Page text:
Knowing your customer is a key part of your business. That knowledge allows you to get to know them on a greater level rather than just trying to sell them something.
Use the slower time during the summer (or any time that is typically slow) to reconnect with customers and keep your finger on the pulse of what is important to your target audience and how their needs may have changed in relation to your business, market trends or life situations. It is time to evaluate how you differentiate yourself from your competition and provide value to your customers.
When a prospect asks what you do, answering the question with, “We are the top ranking _____” or “We have been chosen as the best service provider for the last two years by _____ magazine,” bumps you to the bottom of the candidate list immediately.
Why? Because that prospect is really asking you, “What can you do for me?” It sounds harsh, but at the end of the day, this is what your customer asks of you and really wants to know. So answer in ways that show you understand your audience. Leverage the information you have collected from your meetings and form answers that align with what you do best and what they need most: “We understand how busy you are, so we have provided _____ service online so you can access it anytime anywhere, and the bonus is you still get the great service and follow-up.”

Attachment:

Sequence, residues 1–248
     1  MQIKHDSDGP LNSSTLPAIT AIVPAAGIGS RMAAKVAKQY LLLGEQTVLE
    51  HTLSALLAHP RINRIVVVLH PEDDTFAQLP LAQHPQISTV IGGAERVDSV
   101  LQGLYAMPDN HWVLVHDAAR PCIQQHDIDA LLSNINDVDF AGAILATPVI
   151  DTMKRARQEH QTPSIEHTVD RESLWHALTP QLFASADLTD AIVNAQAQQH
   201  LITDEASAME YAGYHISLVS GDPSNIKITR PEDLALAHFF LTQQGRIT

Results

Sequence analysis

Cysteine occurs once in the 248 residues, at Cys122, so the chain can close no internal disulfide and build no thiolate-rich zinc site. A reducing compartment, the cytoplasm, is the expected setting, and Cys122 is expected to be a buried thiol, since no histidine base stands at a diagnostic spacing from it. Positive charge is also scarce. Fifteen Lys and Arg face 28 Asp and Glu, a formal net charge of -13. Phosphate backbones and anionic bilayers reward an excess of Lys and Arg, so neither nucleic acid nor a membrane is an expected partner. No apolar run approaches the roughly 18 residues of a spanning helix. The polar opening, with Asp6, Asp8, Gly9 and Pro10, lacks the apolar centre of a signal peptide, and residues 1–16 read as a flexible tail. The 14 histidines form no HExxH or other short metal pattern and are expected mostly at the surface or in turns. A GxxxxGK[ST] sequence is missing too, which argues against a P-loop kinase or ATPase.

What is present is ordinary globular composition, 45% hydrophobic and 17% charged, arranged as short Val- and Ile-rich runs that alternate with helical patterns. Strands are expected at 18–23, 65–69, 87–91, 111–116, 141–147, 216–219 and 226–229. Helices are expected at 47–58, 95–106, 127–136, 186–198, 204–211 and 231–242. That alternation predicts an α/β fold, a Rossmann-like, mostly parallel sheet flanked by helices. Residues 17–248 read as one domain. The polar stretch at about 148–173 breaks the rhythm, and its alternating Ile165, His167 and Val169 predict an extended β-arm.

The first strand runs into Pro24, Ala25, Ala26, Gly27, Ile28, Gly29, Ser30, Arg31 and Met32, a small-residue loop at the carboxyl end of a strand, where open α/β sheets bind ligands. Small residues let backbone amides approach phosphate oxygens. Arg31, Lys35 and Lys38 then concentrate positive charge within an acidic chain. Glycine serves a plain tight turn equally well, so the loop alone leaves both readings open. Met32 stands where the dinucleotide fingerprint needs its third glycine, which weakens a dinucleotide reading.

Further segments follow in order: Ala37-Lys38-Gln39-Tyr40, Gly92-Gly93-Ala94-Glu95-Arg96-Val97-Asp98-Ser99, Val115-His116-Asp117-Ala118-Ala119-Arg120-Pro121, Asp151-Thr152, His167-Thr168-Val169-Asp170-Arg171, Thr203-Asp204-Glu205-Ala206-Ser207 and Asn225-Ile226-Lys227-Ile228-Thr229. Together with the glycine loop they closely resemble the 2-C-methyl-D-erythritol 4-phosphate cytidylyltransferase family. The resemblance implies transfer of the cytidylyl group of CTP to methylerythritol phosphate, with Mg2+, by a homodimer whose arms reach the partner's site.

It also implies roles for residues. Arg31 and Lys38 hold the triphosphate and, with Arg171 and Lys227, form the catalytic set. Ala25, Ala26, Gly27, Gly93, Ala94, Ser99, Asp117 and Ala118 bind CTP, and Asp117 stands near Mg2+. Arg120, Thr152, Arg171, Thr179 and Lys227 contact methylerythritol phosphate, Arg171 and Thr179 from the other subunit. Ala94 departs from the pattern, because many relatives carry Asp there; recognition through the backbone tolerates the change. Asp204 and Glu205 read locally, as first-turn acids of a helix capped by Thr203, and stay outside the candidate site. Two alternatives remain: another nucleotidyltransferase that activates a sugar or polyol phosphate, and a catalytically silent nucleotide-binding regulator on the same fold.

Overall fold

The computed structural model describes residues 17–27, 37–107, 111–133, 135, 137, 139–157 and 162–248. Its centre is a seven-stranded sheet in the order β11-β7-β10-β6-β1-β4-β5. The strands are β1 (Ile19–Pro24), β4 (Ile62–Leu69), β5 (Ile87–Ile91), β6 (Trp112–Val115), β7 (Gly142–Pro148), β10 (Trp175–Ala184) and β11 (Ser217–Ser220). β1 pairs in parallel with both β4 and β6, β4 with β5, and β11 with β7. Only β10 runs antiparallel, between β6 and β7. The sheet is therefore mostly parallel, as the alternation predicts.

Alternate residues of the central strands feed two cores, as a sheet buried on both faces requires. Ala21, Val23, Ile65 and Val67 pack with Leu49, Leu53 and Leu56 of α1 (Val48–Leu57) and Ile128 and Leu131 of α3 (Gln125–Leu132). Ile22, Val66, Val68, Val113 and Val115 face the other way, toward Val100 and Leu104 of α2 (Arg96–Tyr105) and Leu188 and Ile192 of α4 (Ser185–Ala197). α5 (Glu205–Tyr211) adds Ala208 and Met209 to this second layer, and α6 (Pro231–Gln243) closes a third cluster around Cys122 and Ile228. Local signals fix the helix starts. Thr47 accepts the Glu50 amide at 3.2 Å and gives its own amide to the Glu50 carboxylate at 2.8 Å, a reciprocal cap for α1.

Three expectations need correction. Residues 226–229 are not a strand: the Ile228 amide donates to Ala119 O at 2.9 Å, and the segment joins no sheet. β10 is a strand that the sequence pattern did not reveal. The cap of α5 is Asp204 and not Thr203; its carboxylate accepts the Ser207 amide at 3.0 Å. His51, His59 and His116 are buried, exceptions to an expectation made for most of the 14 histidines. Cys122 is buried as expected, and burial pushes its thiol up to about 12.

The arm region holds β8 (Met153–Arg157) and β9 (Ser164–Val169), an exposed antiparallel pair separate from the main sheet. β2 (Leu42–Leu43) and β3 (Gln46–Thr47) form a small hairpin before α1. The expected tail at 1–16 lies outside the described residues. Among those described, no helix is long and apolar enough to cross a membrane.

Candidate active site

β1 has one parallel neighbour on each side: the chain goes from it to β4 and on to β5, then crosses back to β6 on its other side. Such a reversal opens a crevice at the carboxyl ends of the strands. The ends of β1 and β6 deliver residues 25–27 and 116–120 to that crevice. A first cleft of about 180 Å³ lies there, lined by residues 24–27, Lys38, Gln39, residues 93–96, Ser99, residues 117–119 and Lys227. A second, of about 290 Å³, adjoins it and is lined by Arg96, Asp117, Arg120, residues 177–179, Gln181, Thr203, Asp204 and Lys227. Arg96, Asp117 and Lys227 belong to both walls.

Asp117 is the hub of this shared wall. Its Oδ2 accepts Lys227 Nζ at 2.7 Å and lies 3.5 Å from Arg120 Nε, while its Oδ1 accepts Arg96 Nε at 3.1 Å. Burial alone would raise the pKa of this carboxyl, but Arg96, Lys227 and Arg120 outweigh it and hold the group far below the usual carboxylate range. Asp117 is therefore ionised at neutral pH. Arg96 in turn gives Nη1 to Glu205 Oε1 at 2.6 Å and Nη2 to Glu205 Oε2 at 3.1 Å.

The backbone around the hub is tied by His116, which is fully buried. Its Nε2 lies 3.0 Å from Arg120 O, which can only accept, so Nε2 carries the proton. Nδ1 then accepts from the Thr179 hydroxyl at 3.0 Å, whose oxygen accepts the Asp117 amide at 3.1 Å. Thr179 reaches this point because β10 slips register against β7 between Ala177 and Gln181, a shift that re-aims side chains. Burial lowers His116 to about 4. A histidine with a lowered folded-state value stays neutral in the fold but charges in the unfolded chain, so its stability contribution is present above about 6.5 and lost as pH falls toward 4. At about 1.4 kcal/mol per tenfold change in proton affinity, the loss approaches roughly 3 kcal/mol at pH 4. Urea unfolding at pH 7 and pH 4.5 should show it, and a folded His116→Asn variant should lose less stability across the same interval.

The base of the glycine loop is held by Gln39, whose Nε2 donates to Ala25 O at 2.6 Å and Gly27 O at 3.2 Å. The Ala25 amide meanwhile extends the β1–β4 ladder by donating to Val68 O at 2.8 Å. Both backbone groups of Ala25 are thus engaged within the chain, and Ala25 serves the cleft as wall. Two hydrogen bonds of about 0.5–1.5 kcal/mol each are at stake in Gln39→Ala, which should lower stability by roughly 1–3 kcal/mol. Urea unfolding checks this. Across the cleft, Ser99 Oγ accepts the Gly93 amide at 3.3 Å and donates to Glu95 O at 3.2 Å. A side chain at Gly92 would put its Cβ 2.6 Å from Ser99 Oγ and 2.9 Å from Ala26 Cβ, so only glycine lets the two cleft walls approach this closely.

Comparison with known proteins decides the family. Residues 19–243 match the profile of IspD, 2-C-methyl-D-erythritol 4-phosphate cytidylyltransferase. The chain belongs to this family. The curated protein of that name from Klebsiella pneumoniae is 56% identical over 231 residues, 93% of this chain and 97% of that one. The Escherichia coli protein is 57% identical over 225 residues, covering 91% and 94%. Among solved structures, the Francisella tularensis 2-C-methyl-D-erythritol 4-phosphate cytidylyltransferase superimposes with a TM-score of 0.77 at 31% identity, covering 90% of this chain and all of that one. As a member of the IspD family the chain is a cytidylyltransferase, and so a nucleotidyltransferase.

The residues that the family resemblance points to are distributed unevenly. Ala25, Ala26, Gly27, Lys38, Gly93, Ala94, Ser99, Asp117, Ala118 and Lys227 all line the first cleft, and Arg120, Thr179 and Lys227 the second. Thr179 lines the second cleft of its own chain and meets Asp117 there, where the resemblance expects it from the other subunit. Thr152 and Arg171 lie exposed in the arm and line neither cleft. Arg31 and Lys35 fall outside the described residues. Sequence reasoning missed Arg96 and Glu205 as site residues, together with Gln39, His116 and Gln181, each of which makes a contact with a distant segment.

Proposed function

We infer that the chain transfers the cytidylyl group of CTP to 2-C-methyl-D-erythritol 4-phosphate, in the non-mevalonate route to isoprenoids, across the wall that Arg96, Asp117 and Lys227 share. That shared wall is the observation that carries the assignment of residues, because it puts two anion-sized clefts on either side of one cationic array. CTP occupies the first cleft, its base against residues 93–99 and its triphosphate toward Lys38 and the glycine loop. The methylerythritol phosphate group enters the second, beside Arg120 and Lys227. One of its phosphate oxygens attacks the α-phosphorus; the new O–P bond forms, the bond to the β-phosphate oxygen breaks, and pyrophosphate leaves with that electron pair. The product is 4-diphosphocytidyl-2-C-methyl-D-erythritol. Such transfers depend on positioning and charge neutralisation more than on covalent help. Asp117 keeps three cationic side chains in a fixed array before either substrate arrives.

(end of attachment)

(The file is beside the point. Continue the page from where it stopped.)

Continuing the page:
How you create value is key; are you REALLY giving them what they need, are you REALLY providing value, are you REALLY meeting or exceeding their expectations so you can make a positive lasting impression that will bring them back? Knowing what your customer values and being able to deliver that value in a way that is unique to you and important to your customer is how you differentiate your products and services from the competition and attract more customers.
Find out what your customers value
Here are some targeted, general questions to ask your clients to get to know them better and understand what they value:
- What is it that keeps you up at night in regards to your business?
- What is the biggest struggle you encounter on a daily basis? What is your biggest obstacle?
- What is the one goal around your business that seems unattainable?
- If you could learn how to do one thing to fix this, what would that be?
- What is the biggest improvement you’d like to make in your situation?
- Would you do anything and pay (relatively) anything to solve/get rid of/achieve/improve/increase something? What result or breakthrough would make you happy?
After gathering this information, summarize who the client is, what they struggle with and what they need to do to change their situation. Doing this exercise with your clients will allow you to walk a mile in their shoes and truly understand what services they require.
Taking the time to REALLY know the customers inspires new options and opportunities that may not have been previously visible, because being so focused on the day-to-day can pull you deep into the weeds and make you lose sight of why you do what you do. So take some slower days as an opportunity to improve relations with customers and provide more value.